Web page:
When a concept is as far-reaching as the Internet of Things (IoT) — involving literally billions of elements — we need principles for organizing and making sense of the data it communicates.
That’s where an emerging IoT subcategory known the “location of things” comes into play. Location is a vital dimension of the IoT concept that encompasses the ability of “things” to sense and communicate their geographic position. In this context, location acts as an organizing principle for anything connected to the Internet.
With more and more “things” connecting to the Internet, the amount of data coming in is overwhelming. We need filters to pull out the data that is valuable for us. We are all interested in the things that relate most closely to our context — whether personally or for our work. Location is the key to context.
The birth of what would become the “location of things” dates back more than 20 years, with the introduction of global positioning systems. GPS technology became fully operational in 1995, blazing the way for a new paradigm in positioning. In its earliest uses, GPS helped the U.S. military navigate across the globe with unprecedented precision. By May 2000, the GPS system was opened up to the general public. It then took another decade for GPS receivers to become small enough and affordable enough to find their way into our smartphones.
The breakthroughs afforded by GPS paved way for the location-based services we enjoy each day: Google Maps, Uber, Waze, Foursquare and others. These multi-billion dollar services all were enabled by the ability of a smartphone to locate itself with fair accuracy and precision using GPS technology.
Most importantly, this new standard made it possible to move beyond the concept that only people could know where things were located. The world opened up when “things” had the capacity to know where other “things” are located.
In all of this, location simply acts as a search engine for geographic data. Before we had Internet search engines, users had to know what they were looking for — perhaps down to the precise URL to the webpage they needed. Then along came Google and other engines to do the work for us. And just as Google and the others help pinpoint data, location data helps organize the billions of internet-connected devices by location based on the sensors and other location-centric elements in them.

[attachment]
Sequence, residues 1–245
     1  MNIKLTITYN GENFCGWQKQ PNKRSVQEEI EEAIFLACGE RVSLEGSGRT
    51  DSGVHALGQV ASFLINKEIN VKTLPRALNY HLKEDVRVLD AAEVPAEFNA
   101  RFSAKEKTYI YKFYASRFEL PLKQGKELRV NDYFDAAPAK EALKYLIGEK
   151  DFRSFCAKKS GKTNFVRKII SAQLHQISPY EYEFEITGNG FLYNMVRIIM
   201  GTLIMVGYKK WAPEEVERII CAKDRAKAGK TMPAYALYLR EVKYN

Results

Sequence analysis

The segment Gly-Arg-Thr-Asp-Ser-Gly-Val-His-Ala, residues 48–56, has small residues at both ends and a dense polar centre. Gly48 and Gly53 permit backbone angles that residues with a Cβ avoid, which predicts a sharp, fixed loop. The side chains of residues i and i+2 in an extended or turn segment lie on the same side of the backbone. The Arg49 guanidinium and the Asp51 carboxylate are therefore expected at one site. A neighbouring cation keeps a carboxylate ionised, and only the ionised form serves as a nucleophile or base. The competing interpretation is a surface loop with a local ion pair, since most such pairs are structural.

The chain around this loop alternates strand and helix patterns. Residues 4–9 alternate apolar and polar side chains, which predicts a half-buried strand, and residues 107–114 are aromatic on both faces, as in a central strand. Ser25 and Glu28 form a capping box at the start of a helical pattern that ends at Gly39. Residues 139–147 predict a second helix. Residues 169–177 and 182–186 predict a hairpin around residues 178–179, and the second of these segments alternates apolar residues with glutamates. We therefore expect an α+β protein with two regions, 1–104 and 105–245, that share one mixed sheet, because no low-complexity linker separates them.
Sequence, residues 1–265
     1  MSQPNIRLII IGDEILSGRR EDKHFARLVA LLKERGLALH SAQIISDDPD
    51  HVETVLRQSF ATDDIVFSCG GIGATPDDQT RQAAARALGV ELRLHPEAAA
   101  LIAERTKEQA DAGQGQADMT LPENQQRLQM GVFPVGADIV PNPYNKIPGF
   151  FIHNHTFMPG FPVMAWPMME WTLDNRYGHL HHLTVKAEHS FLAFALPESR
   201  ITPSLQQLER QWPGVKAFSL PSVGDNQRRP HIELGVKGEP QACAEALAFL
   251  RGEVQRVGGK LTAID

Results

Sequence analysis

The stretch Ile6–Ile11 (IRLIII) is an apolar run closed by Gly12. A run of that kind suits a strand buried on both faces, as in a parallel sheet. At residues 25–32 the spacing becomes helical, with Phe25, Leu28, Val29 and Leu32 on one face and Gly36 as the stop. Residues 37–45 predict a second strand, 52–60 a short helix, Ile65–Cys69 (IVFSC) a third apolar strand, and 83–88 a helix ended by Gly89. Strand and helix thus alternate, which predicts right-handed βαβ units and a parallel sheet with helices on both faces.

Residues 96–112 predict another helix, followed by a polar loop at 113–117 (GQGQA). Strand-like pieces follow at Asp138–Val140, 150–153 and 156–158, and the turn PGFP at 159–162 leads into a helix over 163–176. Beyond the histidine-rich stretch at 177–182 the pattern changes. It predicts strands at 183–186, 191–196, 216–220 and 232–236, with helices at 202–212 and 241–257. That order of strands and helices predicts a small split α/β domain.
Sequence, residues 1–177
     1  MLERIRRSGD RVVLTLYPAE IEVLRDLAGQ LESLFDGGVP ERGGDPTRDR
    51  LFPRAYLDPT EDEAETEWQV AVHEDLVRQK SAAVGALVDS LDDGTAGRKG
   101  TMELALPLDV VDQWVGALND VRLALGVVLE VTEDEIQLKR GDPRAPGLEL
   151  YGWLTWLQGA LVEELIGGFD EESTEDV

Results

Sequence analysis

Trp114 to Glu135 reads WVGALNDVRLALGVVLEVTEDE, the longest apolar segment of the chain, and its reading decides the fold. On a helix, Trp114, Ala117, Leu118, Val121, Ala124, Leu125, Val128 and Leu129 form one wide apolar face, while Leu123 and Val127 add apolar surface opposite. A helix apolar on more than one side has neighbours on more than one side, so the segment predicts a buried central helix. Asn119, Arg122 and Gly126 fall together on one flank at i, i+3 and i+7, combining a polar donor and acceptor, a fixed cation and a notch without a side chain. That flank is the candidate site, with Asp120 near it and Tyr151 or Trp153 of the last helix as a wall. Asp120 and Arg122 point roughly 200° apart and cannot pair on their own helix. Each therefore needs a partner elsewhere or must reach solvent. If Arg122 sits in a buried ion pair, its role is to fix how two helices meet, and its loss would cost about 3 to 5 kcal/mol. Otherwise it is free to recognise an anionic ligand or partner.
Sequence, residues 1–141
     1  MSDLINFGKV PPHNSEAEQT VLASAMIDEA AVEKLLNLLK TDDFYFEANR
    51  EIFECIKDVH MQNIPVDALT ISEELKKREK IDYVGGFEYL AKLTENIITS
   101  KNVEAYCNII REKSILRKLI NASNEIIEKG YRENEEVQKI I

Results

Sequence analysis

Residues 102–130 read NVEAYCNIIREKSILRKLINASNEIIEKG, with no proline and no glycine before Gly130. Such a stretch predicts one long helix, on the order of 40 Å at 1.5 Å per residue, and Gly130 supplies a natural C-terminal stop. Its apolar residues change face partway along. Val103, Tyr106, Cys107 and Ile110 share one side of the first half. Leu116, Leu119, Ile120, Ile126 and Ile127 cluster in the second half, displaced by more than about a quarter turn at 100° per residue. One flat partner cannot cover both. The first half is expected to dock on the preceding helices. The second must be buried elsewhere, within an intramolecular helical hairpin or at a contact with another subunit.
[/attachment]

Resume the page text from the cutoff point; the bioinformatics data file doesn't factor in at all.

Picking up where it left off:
What this all means is GPS is just one part of “location-based services” or LBS. Lots of our devices and sensors — along with other assets, people and content — are inside buildings, where GPS has no real reach. That’s where indoor positioning systems (IPS) are creating the next big buzz within the location of things. As IPS technology continues to be enhanced and as more apps that harness its power become available, we’ll see a slew of new data becoming part of the location of things.
With IPS, the position data gathered can help in everything from finding devices and equipment, step-by-step navigation of indoor spaces such as shopping malls, helping with logistics in warehouses, enabling geofencing around sensitive data, assisting in social interactions and more.
What will happen when everything knows its location? Watch for future columns from me, where I’ll explore how the location of things will impact and change our lives in a near future. Here’s a hint: finding “things” is just the tip of the iceberg.
All IoT Agenda network contributors are responsible for the content and accuracy of their posts. Opinions are of the writers and do not necessarily convey the thoughts of IoT Agenda.
In the tech community, you’ll be hard pressed to go a week without hearing the term “Internet of Things.” Advancements in this area have already altered our lives and will continue to do so as more and more devices become connected. IoT has had huge implications on organizations and the general population, but what about the security for connected devices? Security is of the utmost importance, but there are many myths surrounding IoT security. Below you’ll find a roundup of some of the top IoT security myths I hear regularly. And I’m here to help put a rest to these myths.
10. “Tiny IoT devices don’t have power to do really powerful security.”
Even early 1980s grade 8-bit, 8MHz chips with only 2k of RAM can do elliptic curve cryptography with a 256-bit key-length and are effectively as strong as RSA crypto with 2,048-bit key length, which is strong enough for U.S. “Secret” level national security information. That crypto is done using such little battery power that signing or verifying data on the hour every hour for twenty years would only use a slice of an AA battery.
9. “Security is too complicated, especially in IoT. You can never win.”
It’s true that effective security never stems from any single silver bullet. Instead, just as most good houses need a few walls, a roof and a floor, effective IoT security can be composed from a short list of crucial ingredients:
- Good crypto to protect the authentication and potentially protect the confidentiality of data
- Cryptographic verification of any and all code and configuration before permitting the code to run with any configuration.
- Third-party runtime security by security professionals to mitigate any vulnerabilities in the code
- Over-the-air management capabilities, including update and software inventory management, telemetry and policy management for security agility
- Security analytics to find and fight sophisticated adversaries who don’t trip any alarms